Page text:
Spigariello Broccoli Seeds - (Brassica Oleracea)

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Seed Count:
Approx 100 seeds per pack
Days to Maturity:
65 days
Days to Germination:
5-10 days @ 70F
Plant Spacing:
Light Preference:
Full sun
Heirloom, Non-Hybrid, Non-GMO seeds
  • Spigariello Broccoli - (Brassica oleracea)
  • Spigariello Broccoli - (Brassica oleracea)
  • Spigariello Broccoli - (Brassica oleracea)
  • Spigariello Heirloom Broccoli Seeds - (Brassica oleracea)

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Spigariello Broccoli - Prolific Hearty Sweet Flavor

Spigariello is the traditional southern Italian leafy broccoli. The greens are also known as Spigariello Liscia, Cima di Rapa, Broccoli Spigarello, and Cavolo Broccolo a Getti di Napoli.

This cool-season crop withstands moderate frosts, delivering multiple harvests of broccoli-flavored leaves and tops over a long season, making it the perfect cut-and-come-again crop – the more you cut, the more you get!

Although it resembles raab-rapini, its flavor is hearty yet sweet like a cross between broccoli leaves and Tuscan kale without the bitterness. The very dark green narrow leaves are a tender, succulent, and crunchy ingredient in salads, sautées, pizzas, stir-fries, and soups.

One of the most renowned vegetables in southern Italy, it’s the essential ingredient in Minestra Nera – Neapolitan black soup – a Naples specialty.

If you’ve ever been frustrated trying to grow regular broccoli, fighting off aphids and cabbage worms for the privilege of possibly harvesting a couple of disappointingly small heads, spigariello just might be the answer you’ve been looking for.


Chefs describe it as similar to kale but more velvety in texture and with a sweeter flavor. It’s just as versatile as kale, perhaps even more so, since you can eat it raw, cooked, on pizza, or as a salad without having to take out the center rib.

Spigariello looks similar to broccoli, growing 3-4’ tall, shaped just like a broccoli plant but with narrow leaves instead of shoots and heads. The medium blue-green vegetation is full and bushy with long slender leaves that are attached along the plant’s main stems. Like broccoli, it’s easy to grow and extremely productive.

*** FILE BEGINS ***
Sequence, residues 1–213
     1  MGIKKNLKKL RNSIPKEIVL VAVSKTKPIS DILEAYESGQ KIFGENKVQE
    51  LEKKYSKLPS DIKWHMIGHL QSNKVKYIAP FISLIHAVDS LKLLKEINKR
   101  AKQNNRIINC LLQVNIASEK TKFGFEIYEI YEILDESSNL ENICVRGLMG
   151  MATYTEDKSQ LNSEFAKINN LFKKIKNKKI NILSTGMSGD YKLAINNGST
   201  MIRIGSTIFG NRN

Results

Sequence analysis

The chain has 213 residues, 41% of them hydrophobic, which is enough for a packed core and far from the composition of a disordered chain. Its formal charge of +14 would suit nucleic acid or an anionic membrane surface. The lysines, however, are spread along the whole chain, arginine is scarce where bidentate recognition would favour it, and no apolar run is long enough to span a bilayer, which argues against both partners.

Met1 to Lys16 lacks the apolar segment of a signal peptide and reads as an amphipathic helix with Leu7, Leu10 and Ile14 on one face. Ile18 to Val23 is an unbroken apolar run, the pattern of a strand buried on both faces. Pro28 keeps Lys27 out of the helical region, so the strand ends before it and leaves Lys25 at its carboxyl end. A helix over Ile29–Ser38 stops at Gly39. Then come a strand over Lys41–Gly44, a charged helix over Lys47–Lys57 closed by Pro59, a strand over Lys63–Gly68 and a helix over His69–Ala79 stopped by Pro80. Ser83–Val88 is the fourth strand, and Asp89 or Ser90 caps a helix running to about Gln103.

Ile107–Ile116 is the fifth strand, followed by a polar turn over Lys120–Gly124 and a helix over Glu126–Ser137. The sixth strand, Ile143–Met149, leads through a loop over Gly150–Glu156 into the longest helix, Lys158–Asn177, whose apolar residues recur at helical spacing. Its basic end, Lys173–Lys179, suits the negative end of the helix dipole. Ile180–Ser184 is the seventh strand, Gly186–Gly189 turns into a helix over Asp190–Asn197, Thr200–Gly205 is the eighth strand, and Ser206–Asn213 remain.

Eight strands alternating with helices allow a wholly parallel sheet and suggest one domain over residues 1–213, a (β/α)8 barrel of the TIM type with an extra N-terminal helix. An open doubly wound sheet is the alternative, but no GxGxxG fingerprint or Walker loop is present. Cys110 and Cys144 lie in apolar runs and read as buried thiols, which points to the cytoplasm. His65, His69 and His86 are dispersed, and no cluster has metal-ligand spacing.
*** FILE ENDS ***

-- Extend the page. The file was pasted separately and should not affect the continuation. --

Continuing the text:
While it tolerates warmer growing conditions than either broccoli or cauliflower, it should still be treated as a cool-season vegetable and planted for spring and summer harvests. Mild summer gardens can often grow Spigariello from early spring through fall until stopped by hard freezes.

In good soil, it will grow into a big, bushy plant with a small central flower head looking a little like broccoli. Harvest that central flower while young encourages small side branches to develop, each with a tiny shoot. This gives you an almost continuous harvest from the same planting for many weeks since new shoots replace the ones you pick.


Spigariello’s origins are mostly unknown, and definitely not agreed upon, with some experts tracing it back to Asia while other experts deem Italy as its birthplace. Most broccoli flowers are yellow, but they are white on Spigariello, leading experts to link it to other Asian broccoli greens that have almost exclusively white flowers.

Regardless of its origins or how it arrived, Spigariello is closely associated with Southern Italy, specifically Napoli and Puglia, where it has been growing for centuries. It migrated north into Germany and France through trade sometime in the late 16th century.

Spigariello’s arrival in America was through an Italian American family growing it in their Seattle garden in the mid to late 1990s. Bill Coleman of Coleman Family Farms in Carpinteria, CA obtained seeds and began growing Spigariello, distributing it at the Santa Monica and Santa Barbara Farmers Market for about 10 years before it was noticed by Southern California chefs as an unusual, locally grown green. From there, chefs across the US began sourcing seed and using it in their restaurants while growers introduced it to farmers’ markets.

In Naples, Italy, Spigariello is often incorporated into Minestra Maritata, which roughly translates to “married soup,” exemplifying the blending of flavors and ingredients. Even today, minestra maritata is a traditional, vegetable-filled soup in the region.